The event will gather contestants from 26 states
The Grand Final of the international Eurovision song contest began in Ukraine’s capital Kiev on Saturday evening.
The event will gather contestants from 26 states, including 20 qualifiers from the two semifinals, held in Kiev on May 9 and 11. The host nation Ukraine, as well as representatives from the “Big Five” group of the contest’s major economic contributors (UK, France, Germany, Spain and Italy), were rewarded with automatic spots in the final.
The first semifinal was successfully cleared by contestants from Moldova, Azerbaijan, Greece, Sweden, Portugal, Poland, Armenia, Australia, Cyprus and Belgium. Qualifiers from the second semifinal are Bulgaria, Belarus, Croatia, Hungary, Denmark, Israel, Romania, Norway, The Netherlands and Austria.
The show, currently under way at the Kiev International Exhibition Center, will also feature Ukraine’s previous Eurovision entries, including singer Ruslana, who won the contest in 2004, and Andrei Danilko (a.k.a Verka Serdyuchka), the runner-up of Eurovision 2007.
Prices for the Grand Final tickets ranged between 70 and 555 euro. Approximately two weeks before the show, the official seller Concert.ua announced that all tickets have been sold out. However, it was still possible to buy online tickets on Concert.ua’s website hours before the Grand Final.
The winner will be awarded with the main trophy, a crystal microphone-shaped figurine. His home nation will host the next year’s competition.
According to the latest odds, the frontrunner is Salvador Sobral from Portugal, who seized the top spot from the previous leader, Italy’s Francesco Gabbani, as the contest went along. Among other frontrunners are Bulgaria’s Kristian Kostov, Belgium’s Blanche and UK’s Lucie Jones.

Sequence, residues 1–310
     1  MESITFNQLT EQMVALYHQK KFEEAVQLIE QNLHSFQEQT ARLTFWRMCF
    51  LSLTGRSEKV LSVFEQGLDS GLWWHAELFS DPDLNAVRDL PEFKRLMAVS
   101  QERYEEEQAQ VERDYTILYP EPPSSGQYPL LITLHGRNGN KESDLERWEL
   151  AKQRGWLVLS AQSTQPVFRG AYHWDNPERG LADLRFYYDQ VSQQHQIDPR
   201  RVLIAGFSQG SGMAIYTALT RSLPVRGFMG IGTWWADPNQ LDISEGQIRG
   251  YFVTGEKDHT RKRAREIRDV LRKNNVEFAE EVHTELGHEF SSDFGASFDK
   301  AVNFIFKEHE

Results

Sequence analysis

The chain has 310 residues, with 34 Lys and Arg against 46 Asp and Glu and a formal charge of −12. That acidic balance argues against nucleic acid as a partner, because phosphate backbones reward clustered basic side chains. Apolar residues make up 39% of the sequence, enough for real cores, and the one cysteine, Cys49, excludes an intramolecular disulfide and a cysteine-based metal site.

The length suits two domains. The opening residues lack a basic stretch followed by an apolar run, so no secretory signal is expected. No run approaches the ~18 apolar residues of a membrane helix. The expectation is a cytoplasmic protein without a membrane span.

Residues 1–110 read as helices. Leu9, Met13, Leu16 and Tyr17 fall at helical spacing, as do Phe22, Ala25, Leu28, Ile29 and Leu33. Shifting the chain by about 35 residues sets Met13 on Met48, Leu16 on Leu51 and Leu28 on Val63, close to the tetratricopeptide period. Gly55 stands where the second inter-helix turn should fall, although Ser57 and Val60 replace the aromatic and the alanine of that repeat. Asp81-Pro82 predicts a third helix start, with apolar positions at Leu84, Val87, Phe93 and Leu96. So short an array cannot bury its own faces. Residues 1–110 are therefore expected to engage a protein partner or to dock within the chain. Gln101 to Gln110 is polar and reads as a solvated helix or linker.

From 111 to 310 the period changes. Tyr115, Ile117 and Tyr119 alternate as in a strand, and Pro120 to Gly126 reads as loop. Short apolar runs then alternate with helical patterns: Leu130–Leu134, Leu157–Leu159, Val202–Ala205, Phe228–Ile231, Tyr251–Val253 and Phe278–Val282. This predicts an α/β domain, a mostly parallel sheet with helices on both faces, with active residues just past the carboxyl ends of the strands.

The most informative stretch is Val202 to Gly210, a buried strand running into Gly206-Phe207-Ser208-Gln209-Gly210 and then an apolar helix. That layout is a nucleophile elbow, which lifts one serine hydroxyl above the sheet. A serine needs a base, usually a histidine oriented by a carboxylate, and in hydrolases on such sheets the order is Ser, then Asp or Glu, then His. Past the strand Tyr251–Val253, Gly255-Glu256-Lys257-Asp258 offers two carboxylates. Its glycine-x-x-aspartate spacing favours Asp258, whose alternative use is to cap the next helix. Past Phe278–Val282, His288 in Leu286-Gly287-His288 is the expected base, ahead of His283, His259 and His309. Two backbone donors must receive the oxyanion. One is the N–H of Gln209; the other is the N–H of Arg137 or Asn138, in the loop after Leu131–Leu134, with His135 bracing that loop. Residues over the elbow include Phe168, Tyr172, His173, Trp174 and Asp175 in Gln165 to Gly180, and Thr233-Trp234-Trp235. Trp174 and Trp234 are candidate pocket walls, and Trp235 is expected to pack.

Wheelchair-bound vocalist Yulia Samoilova was set to be Russia’s participant for the Eurovision Song Contest this year.
On March 22, the Ukrainian Security Council (SBU) issued a three-year travel ban against Samoilova, citing her performance at a festival dubbed “A World of Sports and Kindness” held in Crimea on June 27, 2015. Ukraine’s authorities say that by performing in Crimea, Samoilova violated the Ukrainian government’s regulation dated June 4, 2015, which stipulates that foreign citizens should receive a special permission in order to enter Crimea.
In response to the move, Russian broadcaster Channel One has decided to cancel the broadcast of the 2017 Eurovision Song Contest and turned down the European Broadcasting Union (EBU)’s proposal to select another contestant or to allow Samoilova to perform via a video linkup.
In 2016, the EBU announced the change in the contest’s voting system in a bid to create a dramatic finish. In previous years each country’s jury and public votes were combined and announced in one go. Since last year, the votes are split with each country’s jury vote cast first, and votes from viewers in all countries combined and announced at the end. Russia is not taking part in this year’s vote.